Stop telling people things you heard at parties and actually learn about the city’s tap water. (StreetEasy)

The Soho Grifter was sentenced to 4-12 years, fined $24,000 and ordered to pay back $199,000. The only thing the fake German heiress will inherit is a prison jumpsuit. (NY Times)

The cheapest one-bedroom apartments in the city are, unsurprisingly, in far-flung neighborhoods, but who can argue with a one-bedroom for less than $1500? (Patch)

Here’s a quiz on what you can or can’t do on the subway. If you fail, you have to move to Hoboken. Sorry, those are just the rules. (Gothamist)

As it fights to contain the measles outbreak, the city’s attention is starting to turn towards schools with less than 90% vaccination rates, like the Brooklyn Waldorf School, which 24% of students are unvaccinated. (NY Times)

If you’ve never had the, uh, pleasure of driving in Manhattan, here’s a video to give you an idea of what it’s like. (Viewing NYC)

Here are the neighborhoods where it takes the NYPD the longest to respond to a 911 call. (Patch)

Where to pick up your picnic vittles near to the city park of your choice. (amNY)

Del Posto was named the best Italian restaurant in the nation by The Daily Meal. Eleven restaurants in the city made the top fifty. (Patch)

Take a look inside the TWA Hotel at JFK Airport one week before its opening day. (Curbed)

2019: After the Fall of New York. Imagine an 80s b-movie version of Children of Men, Escape From New York, Mad Max and Beneath the Planet of the Apes, but shittier and you’ll end up with this Italian movie. (Gothamist)

One of the city’s 17 new approved bills is aimed at closing the “Kushner loophole,” which allowed landlords to falsely claim the number of rent-regulated tenants in its buildings. (6sqft)

Shakespeare & Co is opening a bookstore in Brookfield Place in Battery Park, where Amazon just opened a new store. (amNY)

21 of the best LGBTQ bars in NYC to party at right now, depending on the time of day you read this. (amNY)

The mayor is calling the NYC Care card a “new health coverage option,” but it’s more of a public awareness campaign for pre-existed public services form the city. It’s a public awareness campaign that can improve public health, but the mayor is clearly misrepresenting it as health insurance because of his delusional idea that anyone wants to see him run for president. (Gothamist)

A mini-Smorgasburg is coming to Hudson Yards. Heaven forbid that people who live there have to go to Brooklyn for anything. (6sqft)

Rene Samaniego, an NYPD vice detective, admitted to participating in a prolific prostitution ring and gambling enterprise throughout Queens, Brooklyn and Nassau County. (QNS)

Chartwell Booksellers, the world’s only Winston Churchill bookstore, has been nearly hidden for 36 years on E 52nd St. (Untapped Cities)

A guide to rooftop bars and outdoor drinking in 2019. (Grub Street)

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The Briefly for February 1, 2019 – The “Live from New York, It’s Saturday And Live” Edition

A 49 square foot apartment, the city signs partial control over the NYCHA to the Trump administration, weekend subway changes, congestion pricing comes to for-hire vehicles, and more in today’s daily NYC news digest.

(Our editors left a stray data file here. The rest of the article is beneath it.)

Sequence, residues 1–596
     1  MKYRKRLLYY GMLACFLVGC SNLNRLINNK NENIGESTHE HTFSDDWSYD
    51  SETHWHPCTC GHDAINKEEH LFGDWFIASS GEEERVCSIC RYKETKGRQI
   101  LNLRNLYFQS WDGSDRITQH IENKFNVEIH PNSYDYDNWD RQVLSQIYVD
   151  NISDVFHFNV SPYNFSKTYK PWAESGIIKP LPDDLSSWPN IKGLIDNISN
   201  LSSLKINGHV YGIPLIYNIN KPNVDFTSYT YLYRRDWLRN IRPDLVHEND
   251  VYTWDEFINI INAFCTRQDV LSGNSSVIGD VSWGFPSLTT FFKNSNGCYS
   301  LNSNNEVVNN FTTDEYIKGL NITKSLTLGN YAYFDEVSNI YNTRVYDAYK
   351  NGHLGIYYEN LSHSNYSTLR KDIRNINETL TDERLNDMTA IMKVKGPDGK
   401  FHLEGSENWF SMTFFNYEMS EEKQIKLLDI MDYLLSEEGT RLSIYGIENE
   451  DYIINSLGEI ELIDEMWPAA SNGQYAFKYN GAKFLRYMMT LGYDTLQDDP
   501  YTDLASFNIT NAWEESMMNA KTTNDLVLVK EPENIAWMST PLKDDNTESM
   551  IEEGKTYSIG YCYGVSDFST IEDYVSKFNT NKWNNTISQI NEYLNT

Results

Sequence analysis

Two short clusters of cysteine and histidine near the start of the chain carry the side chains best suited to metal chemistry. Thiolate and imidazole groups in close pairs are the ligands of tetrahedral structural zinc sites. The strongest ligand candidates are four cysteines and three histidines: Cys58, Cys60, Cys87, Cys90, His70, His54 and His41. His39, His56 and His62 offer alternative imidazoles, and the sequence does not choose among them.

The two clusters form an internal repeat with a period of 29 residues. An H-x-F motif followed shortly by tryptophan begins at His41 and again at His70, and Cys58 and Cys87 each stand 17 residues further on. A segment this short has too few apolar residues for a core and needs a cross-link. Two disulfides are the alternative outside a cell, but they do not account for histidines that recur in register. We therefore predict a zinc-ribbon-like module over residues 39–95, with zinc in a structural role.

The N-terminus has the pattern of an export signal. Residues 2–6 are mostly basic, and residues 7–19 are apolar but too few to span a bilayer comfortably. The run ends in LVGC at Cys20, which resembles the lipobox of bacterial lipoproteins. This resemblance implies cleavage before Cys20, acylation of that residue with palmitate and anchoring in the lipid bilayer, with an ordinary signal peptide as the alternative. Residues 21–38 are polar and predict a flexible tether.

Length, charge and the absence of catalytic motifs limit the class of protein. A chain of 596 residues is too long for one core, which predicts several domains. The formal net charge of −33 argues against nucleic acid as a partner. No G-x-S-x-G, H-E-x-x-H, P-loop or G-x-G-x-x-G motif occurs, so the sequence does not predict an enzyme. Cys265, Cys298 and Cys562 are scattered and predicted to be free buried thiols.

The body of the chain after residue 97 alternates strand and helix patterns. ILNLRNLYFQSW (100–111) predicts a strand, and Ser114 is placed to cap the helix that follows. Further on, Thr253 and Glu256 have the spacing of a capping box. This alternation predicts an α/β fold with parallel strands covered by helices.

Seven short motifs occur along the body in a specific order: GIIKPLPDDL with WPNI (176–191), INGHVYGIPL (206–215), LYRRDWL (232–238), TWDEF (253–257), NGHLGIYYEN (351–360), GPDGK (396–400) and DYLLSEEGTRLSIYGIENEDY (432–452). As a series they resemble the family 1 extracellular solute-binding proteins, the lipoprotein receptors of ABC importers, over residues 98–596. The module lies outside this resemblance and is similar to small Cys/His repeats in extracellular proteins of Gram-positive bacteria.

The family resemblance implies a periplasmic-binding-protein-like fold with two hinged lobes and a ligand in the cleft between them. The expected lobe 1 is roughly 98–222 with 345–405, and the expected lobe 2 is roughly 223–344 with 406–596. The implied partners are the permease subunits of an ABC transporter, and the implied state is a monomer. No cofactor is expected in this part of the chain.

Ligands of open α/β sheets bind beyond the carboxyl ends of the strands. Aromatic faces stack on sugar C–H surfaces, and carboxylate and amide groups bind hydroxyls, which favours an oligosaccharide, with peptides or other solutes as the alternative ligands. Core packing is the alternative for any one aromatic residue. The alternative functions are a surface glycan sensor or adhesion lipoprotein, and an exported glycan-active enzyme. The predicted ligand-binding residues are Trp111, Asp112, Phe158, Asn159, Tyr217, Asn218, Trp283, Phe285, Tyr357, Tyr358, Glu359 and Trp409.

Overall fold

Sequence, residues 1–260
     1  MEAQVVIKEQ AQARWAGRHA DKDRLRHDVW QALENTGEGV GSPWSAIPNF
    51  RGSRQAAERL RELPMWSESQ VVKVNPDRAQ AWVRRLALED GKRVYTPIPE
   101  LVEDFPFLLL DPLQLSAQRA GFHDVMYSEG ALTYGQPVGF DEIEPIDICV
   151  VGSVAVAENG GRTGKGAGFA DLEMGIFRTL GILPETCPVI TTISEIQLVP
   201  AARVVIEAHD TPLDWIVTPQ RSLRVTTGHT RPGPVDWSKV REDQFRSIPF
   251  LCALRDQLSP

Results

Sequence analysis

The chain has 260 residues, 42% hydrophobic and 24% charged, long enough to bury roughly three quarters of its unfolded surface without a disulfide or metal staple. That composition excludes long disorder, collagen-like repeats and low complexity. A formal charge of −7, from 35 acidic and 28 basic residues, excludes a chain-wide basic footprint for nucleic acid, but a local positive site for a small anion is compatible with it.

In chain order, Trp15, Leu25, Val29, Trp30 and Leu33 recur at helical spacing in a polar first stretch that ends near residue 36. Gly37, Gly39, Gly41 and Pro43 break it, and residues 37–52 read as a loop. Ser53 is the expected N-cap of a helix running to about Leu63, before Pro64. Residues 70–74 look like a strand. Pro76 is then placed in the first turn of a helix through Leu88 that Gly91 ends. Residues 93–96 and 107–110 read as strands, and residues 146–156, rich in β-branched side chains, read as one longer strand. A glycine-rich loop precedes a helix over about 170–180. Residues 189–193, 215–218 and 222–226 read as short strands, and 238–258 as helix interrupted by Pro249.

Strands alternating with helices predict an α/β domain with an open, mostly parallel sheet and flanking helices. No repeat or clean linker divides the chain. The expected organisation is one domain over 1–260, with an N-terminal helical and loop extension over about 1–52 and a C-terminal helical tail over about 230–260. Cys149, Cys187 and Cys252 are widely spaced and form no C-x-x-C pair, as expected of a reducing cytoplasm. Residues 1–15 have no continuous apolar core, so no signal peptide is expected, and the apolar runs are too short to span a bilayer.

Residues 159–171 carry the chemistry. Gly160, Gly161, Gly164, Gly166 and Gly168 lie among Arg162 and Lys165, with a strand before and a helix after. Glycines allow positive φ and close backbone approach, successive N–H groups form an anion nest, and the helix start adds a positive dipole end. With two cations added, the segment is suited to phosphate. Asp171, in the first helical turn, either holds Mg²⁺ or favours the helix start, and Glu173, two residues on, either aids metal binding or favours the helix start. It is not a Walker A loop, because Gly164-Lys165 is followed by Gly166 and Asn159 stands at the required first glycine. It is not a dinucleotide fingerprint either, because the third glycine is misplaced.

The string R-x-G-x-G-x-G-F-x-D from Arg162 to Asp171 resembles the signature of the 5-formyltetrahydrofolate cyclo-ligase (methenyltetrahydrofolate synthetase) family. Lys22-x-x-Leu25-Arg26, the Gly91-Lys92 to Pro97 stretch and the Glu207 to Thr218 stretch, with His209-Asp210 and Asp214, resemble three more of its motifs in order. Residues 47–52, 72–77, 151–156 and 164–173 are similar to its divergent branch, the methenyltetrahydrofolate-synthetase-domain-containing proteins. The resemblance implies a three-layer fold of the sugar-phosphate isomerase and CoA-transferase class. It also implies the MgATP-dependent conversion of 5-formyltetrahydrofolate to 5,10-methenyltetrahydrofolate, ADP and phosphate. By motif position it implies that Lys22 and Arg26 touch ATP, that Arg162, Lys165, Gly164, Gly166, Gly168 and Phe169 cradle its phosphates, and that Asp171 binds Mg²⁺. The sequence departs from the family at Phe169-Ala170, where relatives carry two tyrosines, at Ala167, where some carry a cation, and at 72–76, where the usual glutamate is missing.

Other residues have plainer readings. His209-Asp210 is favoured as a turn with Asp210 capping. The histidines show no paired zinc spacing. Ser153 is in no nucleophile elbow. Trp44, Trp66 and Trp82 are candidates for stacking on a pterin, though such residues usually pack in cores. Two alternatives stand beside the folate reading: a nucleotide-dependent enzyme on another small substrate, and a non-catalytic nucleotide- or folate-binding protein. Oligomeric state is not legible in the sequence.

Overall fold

The good news is the 7 train is back to running between Queens and Manhattan. The bad news is it’s easier to list the subway lines with no scheduled outages or changes this weekend: 2, 3, 6, and Q. Everything else? Check on the trains before you go. (6sqft)

The federal government, Ben Carson, and the Department of Housing and Urban Development have new authority over the NYCHA. HUD will have a say in appointing NYCHA’s next CEO and select a monitor to oversee operations. The city will dedicate $2.2 billion in funding, HUD will contribute $1.5 billion this year, and NYCHA will undergo a restructuring. (amNY)

Your taxi, Uber, Lyft, etc rides will soon cost more as congestion pricing is coming to your for-hire cars. (NY Times)

“SNL” stands for Saturday AND Live, right? Donald Trump Jr seems to think so. (@MattBinder)

If you think parking in the city is hard, wait until you try parking without any signage. (The Brooklyn Home Reporter)

Is the closure of St Mark’s Comics the death knell for the Easy Village? Maybe not. The GVSHP is calling for an East Village Special Zoning District to Protect Small Businesses and Discourage Chain Stores to be created with a petition. That’s a mouthful! (GVSHP)

After 20 years, Greenpoint institution Enid’s is closing at the end of March. (Greenpointers)

A fascinating look behind the scenes at Saturday And Live’s cue cards. (Gothamist)

The New York City Economic Development Corporation tries to defend Amazon HQ2 with a 53 second video explaining what the city can do with $13.5 billion in taxes. (Viewing NYC)

Trader Joe’s in Union Square will end home deliveries. Time to go get your own peanut butter filled pretzels. (EV Grieve)

Cheers to the one man show that is the Booze History Museum of Staten Island. (NY Times)

NY Attorney General Letitia James’ office joined five other states to sue the Trump administration for reversing the “good neighbor” provision of the Clean Air Act. (Huff Post)

If you thought the bros at your gym were bad, wait until you see the “exclusive space for a performance-driven lifestyle” built for influencers. A gym whose application requires your Instagram handle. #eyeroll. (Gothamist)

39 Av-Dutch Kills on the N/W in Astoria is now open, and it includes the colorful glass work “Hellion Equilibrium” by Sarah Morris. (MTA/Flickr)

Legal marijuana might not be a part of the state’s budget, which is due April 1. (NY Post)

Every Petland Discounts store, include the 20 throughout the city, will close on April 18. (Brooklyn Daily Eagle)

Manhattan is getting a beach in 2022, designed by the same firm that designed the High Line. (NY Post)

Misconduct suits against the NYPD rose 13% in 2018. (NY Post)

The bodega that Lesandro ‘Junior’ Guzman-Feliz was murdered outside of will beomce the Bronx’s first safe bodega. A panic button will be installing among other security upgrades. The bodega has changed ownership and management since Junior’s death. (Bronx Times)

What would you sacrifice for $510/month in rent on the Upper West Side? How about this 49 square foot apartment? Oh yeah, no air conditioners, no kitchen, and a shared bathroom. (6sqft)

12 of the hottest brunch spots in the city. (Eater)